Hi Tom,

Not creating a temp file is the ideal as it saves you from having to "waste" 
using the local hard disk by writing an output file just before uploading same 
to Amazon S3. There are a few problems though:

1) Amazon S3 PUTs need the file length up front. You could use a chunked POST, 
but then you have the disadvantage of having to Base64 encode all your data, 
increasing bandwidth usage, and also you still have the next problems;

2) You would still want to have MD5 checking. In Amazon S3 both PUT and POST 
require the MD5 to be supplied before the contents. To work around this then 
you would have to upload the object without MD5, then check its metadata to 
make sure the MD5 is correct, then delete it if it is not. This is all 
possible, but would be difficult to make bulletproof, whereas in the current 
version, if the MD5 is different the PUT fails atomically and you can easily 
just retry.

3) Finally, you would have to be careful in reducers that output only very 
rarely. If there is too big a gap between data being uploaded through the 
socket, then S3 may determine the connection has timed out, closing the 
connection and meaning your task has to rerun (perhaps just to hit the same 
problem again).

All of this means that the current solution may be best for now as far as 
general upload. The best I think we can so is fix the fact that the task is not 
progressed in close(). The best way I can see to do this is introducing a new 
interface say called ExtendedClosable which defines a close(Progressable p) 
method. Then, have the various clients of FileSystem output streams (e.g. 
Distcp, TextOutputFormat) test if their DataOutputStream supports the 
interface, and if so call this in preference to the default. In the case of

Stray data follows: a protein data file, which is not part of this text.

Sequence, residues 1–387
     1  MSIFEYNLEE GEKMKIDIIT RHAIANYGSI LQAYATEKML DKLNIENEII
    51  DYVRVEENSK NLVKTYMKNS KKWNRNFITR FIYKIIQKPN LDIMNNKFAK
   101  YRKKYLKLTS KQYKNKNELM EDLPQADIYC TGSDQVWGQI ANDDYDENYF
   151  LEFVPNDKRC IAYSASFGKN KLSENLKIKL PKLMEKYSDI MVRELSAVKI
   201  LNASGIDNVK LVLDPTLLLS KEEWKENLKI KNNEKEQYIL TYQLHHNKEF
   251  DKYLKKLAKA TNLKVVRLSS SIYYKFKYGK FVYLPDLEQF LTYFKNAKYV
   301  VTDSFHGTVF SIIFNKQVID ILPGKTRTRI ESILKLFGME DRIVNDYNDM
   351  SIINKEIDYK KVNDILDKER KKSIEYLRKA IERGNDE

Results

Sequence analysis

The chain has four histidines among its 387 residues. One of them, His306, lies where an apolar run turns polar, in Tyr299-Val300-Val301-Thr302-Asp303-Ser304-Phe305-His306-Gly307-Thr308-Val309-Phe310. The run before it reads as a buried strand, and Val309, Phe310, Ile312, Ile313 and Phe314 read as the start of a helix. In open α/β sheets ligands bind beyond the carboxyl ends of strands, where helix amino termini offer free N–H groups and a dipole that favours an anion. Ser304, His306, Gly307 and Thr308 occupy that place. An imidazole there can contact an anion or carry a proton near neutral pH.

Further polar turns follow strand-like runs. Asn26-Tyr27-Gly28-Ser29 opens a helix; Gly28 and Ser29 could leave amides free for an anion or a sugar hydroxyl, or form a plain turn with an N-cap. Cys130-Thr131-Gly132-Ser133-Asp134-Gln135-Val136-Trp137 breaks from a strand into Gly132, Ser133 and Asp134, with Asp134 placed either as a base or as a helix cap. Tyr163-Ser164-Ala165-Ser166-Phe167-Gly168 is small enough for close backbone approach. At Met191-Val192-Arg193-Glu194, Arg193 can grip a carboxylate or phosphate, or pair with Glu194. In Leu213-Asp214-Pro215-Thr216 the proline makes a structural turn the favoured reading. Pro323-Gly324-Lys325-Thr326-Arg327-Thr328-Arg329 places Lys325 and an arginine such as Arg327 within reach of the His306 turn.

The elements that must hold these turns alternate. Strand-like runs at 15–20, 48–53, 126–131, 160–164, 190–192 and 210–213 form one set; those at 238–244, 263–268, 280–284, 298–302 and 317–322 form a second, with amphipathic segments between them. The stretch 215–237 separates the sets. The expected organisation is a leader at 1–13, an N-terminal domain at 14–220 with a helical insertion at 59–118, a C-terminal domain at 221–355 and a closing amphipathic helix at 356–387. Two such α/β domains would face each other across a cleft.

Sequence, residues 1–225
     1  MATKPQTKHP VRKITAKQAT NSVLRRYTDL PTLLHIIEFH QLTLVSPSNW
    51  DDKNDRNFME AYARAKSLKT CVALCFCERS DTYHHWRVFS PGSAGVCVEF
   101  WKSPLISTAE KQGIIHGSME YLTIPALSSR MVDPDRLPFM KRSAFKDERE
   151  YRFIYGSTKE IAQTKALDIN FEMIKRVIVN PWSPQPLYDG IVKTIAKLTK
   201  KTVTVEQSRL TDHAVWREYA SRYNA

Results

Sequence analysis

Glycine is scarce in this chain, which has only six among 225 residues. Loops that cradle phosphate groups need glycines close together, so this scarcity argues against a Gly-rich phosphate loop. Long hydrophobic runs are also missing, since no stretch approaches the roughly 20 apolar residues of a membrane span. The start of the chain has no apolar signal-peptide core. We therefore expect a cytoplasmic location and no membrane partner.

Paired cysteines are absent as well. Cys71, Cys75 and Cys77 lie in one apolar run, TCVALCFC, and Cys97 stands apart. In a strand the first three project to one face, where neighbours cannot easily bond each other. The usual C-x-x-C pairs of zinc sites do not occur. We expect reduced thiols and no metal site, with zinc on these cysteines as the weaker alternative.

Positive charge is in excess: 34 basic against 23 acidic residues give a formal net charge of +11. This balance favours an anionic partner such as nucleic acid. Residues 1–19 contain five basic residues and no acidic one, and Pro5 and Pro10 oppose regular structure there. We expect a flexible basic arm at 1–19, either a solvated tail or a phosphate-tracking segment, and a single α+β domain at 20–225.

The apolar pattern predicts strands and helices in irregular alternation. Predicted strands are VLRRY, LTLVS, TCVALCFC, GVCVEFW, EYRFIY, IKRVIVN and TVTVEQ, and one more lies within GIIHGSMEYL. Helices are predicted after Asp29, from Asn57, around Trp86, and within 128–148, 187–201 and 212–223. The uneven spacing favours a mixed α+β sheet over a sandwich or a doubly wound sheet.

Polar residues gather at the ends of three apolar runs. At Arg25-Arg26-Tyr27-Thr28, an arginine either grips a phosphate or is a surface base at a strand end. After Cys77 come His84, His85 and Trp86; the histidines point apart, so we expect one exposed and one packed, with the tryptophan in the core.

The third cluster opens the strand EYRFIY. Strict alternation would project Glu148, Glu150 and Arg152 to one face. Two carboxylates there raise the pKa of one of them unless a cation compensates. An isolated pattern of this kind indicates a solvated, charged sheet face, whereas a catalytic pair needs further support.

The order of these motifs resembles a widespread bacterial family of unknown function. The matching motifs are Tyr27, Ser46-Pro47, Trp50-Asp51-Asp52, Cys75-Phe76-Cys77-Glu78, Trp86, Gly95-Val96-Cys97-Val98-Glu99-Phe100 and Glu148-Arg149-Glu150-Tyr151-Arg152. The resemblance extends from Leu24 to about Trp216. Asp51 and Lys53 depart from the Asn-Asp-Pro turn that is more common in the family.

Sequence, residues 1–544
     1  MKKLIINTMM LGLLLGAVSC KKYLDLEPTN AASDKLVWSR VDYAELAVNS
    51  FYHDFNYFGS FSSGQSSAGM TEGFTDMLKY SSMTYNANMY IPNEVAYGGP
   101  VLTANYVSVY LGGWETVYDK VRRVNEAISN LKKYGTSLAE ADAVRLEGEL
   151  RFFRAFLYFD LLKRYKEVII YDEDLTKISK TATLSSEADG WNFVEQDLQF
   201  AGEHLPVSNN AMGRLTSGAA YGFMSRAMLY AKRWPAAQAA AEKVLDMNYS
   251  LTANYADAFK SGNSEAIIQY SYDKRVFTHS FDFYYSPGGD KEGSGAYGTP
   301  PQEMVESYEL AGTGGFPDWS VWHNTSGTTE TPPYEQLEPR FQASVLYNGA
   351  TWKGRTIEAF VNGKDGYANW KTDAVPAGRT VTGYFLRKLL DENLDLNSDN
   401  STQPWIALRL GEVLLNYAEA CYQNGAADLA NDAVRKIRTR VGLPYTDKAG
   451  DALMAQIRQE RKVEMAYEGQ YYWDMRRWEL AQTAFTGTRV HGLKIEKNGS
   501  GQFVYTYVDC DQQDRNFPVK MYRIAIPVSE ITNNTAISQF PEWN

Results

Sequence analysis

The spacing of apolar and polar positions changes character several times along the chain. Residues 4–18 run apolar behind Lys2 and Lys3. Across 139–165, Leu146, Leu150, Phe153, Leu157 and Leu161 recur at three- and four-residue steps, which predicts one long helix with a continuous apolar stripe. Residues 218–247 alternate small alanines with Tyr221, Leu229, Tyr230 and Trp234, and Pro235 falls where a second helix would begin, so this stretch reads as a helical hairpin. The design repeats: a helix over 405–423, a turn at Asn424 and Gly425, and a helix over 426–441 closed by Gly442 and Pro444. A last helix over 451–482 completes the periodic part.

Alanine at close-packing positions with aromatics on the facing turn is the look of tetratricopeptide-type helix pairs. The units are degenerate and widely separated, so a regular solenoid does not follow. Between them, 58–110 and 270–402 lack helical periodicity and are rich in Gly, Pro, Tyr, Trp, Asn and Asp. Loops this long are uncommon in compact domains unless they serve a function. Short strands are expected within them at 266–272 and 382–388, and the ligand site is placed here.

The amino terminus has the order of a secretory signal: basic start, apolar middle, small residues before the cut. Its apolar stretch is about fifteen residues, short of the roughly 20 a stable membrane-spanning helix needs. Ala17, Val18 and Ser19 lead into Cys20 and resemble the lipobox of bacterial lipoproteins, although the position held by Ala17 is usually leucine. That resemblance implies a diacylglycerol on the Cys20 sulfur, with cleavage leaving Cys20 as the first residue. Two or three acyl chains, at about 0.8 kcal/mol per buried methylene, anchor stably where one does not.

NativeS3FileSystem then, this method spins up a thread to keep the Progressable 
updated as the upload progresses.

As an additional optimization to Distcp, where the source file already exists 
we could have some extended interface say ExtendedWriteFileSystem that has a 
create() method that takes the MD5 and the file size, then test for this 
interface in the Distcp mapper call the extended method. The trade off here is 
the fact that the checksum HDFS stored is not the MD5 needed by S3, and so two 
(perhaps distributed) reads would be needed so the tradeoff is these two 
distributed reads vs a distributed read and a local write then local read.

What do you think?

Ian Nowland

-----Original Message-----
From: Tom White [mailto:t...@cloudera.com] 
Sent: Friday, May 08, 2009 1:36 AM
To: core-user@hadoop.apache.org
Subject: Re: HDFS to S3 copy problems

Perhaps we should revisit the implementation of NativeS3FileSystem so
that it doesn't always buffer the file on the client. We could have an
option to make it write directly to S3. Thoughts?

Regarding the problem with HADOOP-3733, you can work around it by
setting fs.s3.awsAccessKeyId and fs.s3.awsSecretAccessKey in your


On Fri, May 8, 2009 at 1:17 AM, Andrew Hitchcock <adpow...@gmail.com> wrote:
> Hi Ken,
> S3N doesn't work that well with large files. When uploading a file to
> S3, S3N saves it to local disk during write() and then uploads to S3
> during the close(). Close can take a long time for large files and it
> doesn't report progress, so the call can time out.
> As a work around, I'd recommend either increasing the timeout or